In so many ways, this feels like a tribute to a class of luxury handset that is getting less relevant by the day. Remember the original Sony Xperia? It too had a huge screen, pretty hardware, a fantastic keyboard, a deeply-modified version of Windows Mobile 6.1, and an astronomical pricetag. Now think: have you ever actually seen one in the wild? Smartphones have changed a lot in the last two years, to put it lightly; not only have they gotten smarter, but they've gotten cheaper. The Pro2 is standing alone at the end of a path laid out years ago, that smartphone manufacturers—including HTC, with their Android handsets—have been trying to split off from, and with good reason.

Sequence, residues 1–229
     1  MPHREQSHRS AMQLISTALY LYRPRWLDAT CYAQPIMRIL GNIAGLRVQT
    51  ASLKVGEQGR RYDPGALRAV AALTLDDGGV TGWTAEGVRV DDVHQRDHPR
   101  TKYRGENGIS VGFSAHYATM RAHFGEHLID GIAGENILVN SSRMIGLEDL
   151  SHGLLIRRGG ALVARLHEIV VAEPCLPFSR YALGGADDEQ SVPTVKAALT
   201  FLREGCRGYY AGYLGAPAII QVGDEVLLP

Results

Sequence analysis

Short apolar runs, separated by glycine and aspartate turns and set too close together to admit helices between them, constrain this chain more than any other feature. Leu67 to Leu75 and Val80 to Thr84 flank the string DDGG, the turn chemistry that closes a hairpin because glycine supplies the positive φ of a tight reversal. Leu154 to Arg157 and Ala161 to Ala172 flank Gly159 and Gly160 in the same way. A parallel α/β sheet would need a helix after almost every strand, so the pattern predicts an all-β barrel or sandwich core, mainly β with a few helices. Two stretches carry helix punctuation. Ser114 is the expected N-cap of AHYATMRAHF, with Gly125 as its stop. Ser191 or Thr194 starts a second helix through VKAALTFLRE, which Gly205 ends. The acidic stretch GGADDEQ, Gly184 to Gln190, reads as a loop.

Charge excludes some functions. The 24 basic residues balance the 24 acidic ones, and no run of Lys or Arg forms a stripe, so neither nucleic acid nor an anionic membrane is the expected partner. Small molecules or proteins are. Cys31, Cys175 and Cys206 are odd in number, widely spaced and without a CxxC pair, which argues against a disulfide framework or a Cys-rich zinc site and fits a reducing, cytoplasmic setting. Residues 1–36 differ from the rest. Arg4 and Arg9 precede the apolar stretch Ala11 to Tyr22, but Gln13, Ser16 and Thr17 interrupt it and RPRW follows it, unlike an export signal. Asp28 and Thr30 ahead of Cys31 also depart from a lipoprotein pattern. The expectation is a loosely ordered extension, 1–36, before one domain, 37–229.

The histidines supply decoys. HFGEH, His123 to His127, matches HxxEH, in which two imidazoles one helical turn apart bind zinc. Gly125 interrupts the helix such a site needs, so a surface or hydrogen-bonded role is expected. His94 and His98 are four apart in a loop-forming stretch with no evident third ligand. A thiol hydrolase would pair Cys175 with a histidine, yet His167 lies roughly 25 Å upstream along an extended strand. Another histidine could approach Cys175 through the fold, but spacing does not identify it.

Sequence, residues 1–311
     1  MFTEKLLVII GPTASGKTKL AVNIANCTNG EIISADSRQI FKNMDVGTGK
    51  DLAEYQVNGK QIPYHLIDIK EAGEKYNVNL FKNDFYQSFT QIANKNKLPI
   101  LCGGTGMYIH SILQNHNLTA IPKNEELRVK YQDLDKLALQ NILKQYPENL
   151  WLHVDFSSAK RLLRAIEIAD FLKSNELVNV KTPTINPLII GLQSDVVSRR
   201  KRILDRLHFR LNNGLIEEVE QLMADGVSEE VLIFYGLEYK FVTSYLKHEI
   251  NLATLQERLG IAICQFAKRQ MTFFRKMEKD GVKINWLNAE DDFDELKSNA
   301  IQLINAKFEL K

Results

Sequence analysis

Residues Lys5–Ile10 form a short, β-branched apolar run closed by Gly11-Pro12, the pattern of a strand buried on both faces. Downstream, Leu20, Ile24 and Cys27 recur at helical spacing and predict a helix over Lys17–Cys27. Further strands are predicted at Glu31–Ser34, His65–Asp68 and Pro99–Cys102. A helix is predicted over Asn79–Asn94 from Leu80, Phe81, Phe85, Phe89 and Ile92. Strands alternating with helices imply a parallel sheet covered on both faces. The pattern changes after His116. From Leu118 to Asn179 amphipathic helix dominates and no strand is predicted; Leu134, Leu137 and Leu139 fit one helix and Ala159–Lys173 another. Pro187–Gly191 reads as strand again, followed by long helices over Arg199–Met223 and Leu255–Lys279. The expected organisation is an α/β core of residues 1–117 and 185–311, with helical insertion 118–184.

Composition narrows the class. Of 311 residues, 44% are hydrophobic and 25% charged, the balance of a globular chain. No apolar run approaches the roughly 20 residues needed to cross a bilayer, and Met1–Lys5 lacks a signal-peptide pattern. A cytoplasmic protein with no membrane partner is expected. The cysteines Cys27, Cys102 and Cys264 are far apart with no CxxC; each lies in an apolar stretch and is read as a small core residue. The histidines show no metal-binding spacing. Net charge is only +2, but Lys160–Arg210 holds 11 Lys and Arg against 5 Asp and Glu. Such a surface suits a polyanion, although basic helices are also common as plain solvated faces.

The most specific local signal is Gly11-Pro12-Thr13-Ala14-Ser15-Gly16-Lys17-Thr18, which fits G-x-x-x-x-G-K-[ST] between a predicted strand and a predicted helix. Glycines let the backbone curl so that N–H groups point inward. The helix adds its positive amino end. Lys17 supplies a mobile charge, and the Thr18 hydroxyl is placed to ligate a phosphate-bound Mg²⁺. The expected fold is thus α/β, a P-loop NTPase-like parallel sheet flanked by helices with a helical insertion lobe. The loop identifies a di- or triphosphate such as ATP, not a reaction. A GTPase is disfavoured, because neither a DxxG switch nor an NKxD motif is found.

If you really want this handset, you've probably known so since it was announced, and you shouldn't be deterred by anything except this ridiculous price. It's fine. But just know this: for $US349, you can have virtually anything else on the market today. Putting the Pro2 at this price point means that every prospective buyer will have to compare it to the Pres, the iPhones, the MyTouch 3Gs, the Heroes (soon), and the BlackBerry Bolds of the world, all of which will cost less, and in most usage scenarios, off more, and ask themselves: This? Really?
Screen is huge
Keyboard is wonderful, even for giant banana thumbs
TouchFlo 3D does an admirable job sprucing up Windows Mobile 6.1
Dude, Windows Mobile 6.1, in August of 2009
The backplate feels like it's going to fly off half the time
No headphone jack, and a stupid adaptor
THREE-HUNDRED AND FIFTY US DOLLARS